After falling behind 3-0, the Washington Capitals stormed back for a thrilling 5-4 win in the nation’s capital. Things didn’t start out well for the Caps as Selanne set up a Saku Koivu for the first goal, then scored a pair of his own to help the Ducks jump out to their big lead. But some shaky defense and equally shaky goaltending proved that no lead was insurmountable on Tuesday night.
Despite Selanne scoring his fourth point of the night, Nicklas Backstrom was able to cash in the game-tying goal with only 42 seconds left in the game. As if that wasn’t enough, Backstrom topped the last minute goal with the OT game-winner halfway through the 4-on-4 overtime period. All’s well that ends well for Caps fans, right?
For most of the night, it looked like the story of game would be Teemu Selanne drinking gallons from the fountain of youth. The struggling Ducks needed a good start in Washington—and the strong first period was just what the doctor ordered. Or so we thought.
The Ducks are going to wonder what happened as they continue their brutal 7-game road trip. They jumped out to a big lead and only sloppy play allowed the Caps back in the game. The loss drops them to 1-5-1 in their last 7; a far cry from the team that was coming off a 4-game winning streak.
One of the big stories after the game may not be the guys who contributed to the game-tying goal at the end of the game, but the guy who was not on the ice. When the Caps desperately needed a goal to tie the game, they pulled their goaltender for an extra skater. Even with six guys on the ice to create offense, Caps head coach Bruce Boudreau didn’t have Alex Ovechkin on the ice.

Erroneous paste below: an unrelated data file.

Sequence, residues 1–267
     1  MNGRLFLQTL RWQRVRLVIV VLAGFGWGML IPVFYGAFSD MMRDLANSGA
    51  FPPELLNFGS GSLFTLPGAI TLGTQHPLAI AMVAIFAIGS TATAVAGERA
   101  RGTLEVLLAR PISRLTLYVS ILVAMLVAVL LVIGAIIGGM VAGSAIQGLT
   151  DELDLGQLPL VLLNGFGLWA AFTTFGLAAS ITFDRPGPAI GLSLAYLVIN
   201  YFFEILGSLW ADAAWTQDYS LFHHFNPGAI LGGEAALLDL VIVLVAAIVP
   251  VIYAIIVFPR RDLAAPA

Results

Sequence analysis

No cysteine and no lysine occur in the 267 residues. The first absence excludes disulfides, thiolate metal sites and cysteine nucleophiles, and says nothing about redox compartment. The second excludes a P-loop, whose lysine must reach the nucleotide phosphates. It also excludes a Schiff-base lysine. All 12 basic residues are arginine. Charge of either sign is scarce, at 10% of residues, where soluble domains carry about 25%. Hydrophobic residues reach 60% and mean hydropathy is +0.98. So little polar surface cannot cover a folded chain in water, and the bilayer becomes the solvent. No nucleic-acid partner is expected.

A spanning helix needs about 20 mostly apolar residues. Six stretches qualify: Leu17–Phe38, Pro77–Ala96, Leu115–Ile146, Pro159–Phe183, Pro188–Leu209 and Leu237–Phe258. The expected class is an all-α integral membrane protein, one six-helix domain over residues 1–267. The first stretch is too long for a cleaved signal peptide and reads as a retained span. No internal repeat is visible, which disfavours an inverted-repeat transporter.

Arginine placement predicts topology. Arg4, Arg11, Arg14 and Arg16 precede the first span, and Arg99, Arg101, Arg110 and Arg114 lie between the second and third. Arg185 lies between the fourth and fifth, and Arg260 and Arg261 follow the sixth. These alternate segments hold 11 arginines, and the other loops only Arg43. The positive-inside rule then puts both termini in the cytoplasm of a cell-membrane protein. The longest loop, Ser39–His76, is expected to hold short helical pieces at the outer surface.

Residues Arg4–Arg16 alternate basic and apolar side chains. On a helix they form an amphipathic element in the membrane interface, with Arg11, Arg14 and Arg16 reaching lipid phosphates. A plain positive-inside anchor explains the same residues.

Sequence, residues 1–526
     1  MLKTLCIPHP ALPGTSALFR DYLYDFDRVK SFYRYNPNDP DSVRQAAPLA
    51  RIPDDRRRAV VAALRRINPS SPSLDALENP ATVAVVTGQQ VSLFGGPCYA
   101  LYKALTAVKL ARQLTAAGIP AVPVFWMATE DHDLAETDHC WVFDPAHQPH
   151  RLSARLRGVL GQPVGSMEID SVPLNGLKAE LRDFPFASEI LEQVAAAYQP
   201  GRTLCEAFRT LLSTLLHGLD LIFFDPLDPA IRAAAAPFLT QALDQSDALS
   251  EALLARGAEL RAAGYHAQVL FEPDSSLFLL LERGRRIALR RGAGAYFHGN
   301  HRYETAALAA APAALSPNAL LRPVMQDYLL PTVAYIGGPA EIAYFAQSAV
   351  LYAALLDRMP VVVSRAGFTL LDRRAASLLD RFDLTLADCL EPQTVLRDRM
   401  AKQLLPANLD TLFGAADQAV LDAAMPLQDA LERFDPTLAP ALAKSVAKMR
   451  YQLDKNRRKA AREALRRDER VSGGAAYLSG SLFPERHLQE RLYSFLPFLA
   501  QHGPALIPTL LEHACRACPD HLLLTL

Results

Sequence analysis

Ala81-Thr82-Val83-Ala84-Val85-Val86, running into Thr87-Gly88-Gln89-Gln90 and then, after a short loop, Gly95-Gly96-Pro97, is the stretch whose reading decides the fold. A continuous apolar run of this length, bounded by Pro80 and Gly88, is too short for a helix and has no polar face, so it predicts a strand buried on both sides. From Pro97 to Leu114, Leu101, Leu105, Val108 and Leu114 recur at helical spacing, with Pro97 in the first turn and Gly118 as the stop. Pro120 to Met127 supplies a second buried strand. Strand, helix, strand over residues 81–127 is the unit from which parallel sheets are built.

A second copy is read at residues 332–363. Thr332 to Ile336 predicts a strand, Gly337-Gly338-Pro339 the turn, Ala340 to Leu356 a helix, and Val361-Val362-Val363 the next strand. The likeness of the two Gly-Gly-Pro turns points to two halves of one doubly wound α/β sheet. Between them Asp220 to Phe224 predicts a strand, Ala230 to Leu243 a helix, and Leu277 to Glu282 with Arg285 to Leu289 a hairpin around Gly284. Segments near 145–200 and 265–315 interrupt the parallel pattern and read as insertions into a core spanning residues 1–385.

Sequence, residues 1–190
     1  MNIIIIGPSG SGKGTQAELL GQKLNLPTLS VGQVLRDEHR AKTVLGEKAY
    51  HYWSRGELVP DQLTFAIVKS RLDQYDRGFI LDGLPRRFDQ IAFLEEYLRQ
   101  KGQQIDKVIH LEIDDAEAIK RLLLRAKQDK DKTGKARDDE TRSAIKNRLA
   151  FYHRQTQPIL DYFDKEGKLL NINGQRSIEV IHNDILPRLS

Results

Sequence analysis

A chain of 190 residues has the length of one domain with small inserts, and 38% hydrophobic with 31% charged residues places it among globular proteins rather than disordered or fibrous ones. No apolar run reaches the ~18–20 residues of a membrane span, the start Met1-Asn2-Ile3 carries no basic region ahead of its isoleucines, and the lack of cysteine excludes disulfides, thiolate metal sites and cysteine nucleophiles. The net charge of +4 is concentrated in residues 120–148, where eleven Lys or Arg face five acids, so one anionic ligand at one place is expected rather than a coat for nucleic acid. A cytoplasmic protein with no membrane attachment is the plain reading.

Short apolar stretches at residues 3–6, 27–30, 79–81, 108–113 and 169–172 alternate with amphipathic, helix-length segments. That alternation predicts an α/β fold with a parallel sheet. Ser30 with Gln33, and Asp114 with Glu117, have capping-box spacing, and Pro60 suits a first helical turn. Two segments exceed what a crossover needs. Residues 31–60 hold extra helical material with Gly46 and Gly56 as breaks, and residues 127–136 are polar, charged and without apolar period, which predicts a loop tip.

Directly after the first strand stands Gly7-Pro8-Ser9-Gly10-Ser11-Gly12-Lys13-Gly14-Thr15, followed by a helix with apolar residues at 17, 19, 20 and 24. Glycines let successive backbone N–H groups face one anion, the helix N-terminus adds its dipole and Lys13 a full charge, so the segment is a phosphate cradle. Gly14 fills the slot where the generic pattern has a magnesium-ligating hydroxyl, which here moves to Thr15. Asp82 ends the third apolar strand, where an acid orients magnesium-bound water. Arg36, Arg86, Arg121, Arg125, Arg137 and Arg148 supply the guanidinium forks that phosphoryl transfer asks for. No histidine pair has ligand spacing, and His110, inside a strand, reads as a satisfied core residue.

When OT started, again Ovechkin was not on the ice to start the extra frame causing even more questions to be asked. But that game-winning goal? It was Ovechkin who kicked the puck over to his teammate. So it wasn’t all bad for the Russian sniper.
Fans should be happy with the late, comeback win. But what’s up with their captain and the head coach?
Veteran forward Mike Santorelli, who’s appeared in over 400 NHL contests over the last eight years, is headed overseas.
Per multiple reports (see here and here), Santorelli has signed with Geneve-Servette of the Swiss League. The 30-year-old spent last season with the Ducks, scoring nine goals and 18 points in 70 games but didn’t dress for any of the club’s opening-round playoff loss to Nashville.
Santorelli broke into the NHL with Nashville but enjoyed his best years with Florida and Vancouver. He was a former 20-goal scorer with the Panthers and enjoyed a successful stint with his hometown Canucks in ’13-14, scoring 28 points in 49 games before suffering a season-ending shoulder injury.
Santorelli is the second veteran forward to sign in the Swiss League recently. Over the weekend, fellow journeyman Kris Versteeg agreed to join SC Bern.
Upon trading Kerby Rychel to Toronto at the draft for Scott Harrington, Columbus GM Jarmo Kekalainen said Harrington was “a guy we’ve watched for a while,” and a “steady, smart [and] good defender.”
Which makes today’s move none too surprising.
On Monday, Kekalainen announced Harrington signed a one-year, two-way deal (financial terms weren’t disclosed). The contract comes after Harrington split last season between the Leafs and the AHL Marlies, appearing in 15 NHL contests.
While Kekalainen was high on Harrington, the most noteworthy thing about the acquisition is it ended a long-running saga with Rychel, the 19th overall pick in 2013. There were repeated rumblings that Rychel wanted out of town, and felt stifled by Columbus’ reluctance to make him a full-time NHLer.